Options for entering the PMHNP field will vary, but nurses without a graduate-level education may start by applying to an MSN program or even look to complete a Doctor of Nursing Practice (DNP). However, whatever degree option they do choose, nurses at the advanced level should find programs that include core components of advanced health assessment, physiology/pathophysiology and pharmacology, as this is part of the new knowledge model being promoted in advanced nursing education. Nurses may choose the most appropriate path to becoming a PMHNP from the list below.
1. The ADN or BSN to MSN – Many programs will require a student to already have a bachelor’s of science degree in nursing to apply for admissions to an MSN program. This may not always be the case, but is true for admission to the program in psychiatric mental health nursing practitioner care available through Ohio State University, in Columbus. Students take both core and specialty courses in this degree and complete 16 clinical hours per week during the two semesters of their last year of study. At the University of Southern Mississippi, in Hattiesburg, where specialization in mental health is also available, students must complete core coursework first before being admitted into the specialty area. These 11 credits are done in the first semester of this overall 47-credit program.
2. Post-master’s certificate – Students who are already advanced practice registered nurses (APRNs) and specifically want to train for the mental health field can work on a graduate-level certificate. Applicants still need to submit many of the similar types of paperwork that they do for admission to an MSN program, and generally have to have completed advanced health assessment, pathophysiology and pharmacology courses. Ohio State University also offers a post-master’s certificate specialty in mental health care as does the University of Southern Mississippi.
3. BSN-to-DNP or MSN-to-DNP – Students wanting to complete their terminal education in the nursing field can work on their Doctor of Nursing Practice, focusing in psychiatric and mental health nursing. Rush University, in Chicago, offers both options to applicants interested in advanced education, with online learning also being available. Applicants must have their RN license and either a BSN or MSN degree. Nursing experience in the field of psychiatric/mental health is also suggested. A DNP program is also available through the University of Kansas Medical Center, in Kansas City. This 79-credit program prepares students through both core and specialty area coursework as well as requires them to complete a DNP capstone project. When done, students should be prepared to sit for national board certification.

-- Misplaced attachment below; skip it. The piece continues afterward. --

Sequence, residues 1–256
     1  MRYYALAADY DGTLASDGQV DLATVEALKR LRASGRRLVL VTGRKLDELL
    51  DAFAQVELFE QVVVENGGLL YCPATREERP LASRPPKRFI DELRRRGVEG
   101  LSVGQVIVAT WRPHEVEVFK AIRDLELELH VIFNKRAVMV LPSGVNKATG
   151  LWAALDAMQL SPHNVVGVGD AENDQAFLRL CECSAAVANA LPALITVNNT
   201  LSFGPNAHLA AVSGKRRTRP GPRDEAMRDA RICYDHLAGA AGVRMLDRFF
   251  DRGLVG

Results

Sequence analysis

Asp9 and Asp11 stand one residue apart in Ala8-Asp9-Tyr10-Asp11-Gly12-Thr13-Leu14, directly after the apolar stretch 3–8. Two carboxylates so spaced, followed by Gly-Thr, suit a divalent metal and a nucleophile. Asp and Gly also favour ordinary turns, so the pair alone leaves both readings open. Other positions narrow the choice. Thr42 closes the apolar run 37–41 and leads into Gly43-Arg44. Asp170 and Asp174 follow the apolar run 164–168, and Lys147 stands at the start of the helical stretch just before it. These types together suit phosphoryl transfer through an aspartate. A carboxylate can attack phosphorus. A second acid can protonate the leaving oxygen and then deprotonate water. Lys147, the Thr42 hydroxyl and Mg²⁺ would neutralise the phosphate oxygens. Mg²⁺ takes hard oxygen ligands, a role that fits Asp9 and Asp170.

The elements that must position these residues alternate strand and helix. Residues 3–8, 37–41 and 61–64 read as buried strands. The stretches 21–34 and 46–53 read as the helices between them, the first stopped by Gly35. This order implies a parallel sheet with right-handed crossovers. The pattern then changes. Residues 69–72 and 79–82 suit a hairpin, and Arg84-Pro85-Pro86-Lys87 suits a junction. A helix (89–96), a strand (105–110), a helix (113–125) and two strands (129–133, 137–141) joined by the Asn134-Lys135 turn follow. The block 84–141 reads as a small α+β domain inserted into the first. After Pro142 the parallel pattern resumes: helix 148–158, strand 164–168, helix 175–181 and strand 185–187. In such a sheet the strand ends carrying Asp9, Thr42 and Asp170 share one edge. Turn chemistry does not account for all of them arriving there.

Any student interested in advanced nursing education will want to ensure that their program is accredited. This accreditation is important for board certification and also for applying to more advanced education programs, such as the DNP, in the future. The American Association of Colleges of Nursing (AACN), the National League for Nursing (NLN) and the American Commission for Education in Nursing (ACEN) accredit programs, but the APNA also makes a list of graduate-level nursing programs specifically available in mental health nursing in the U.S. searchable by state.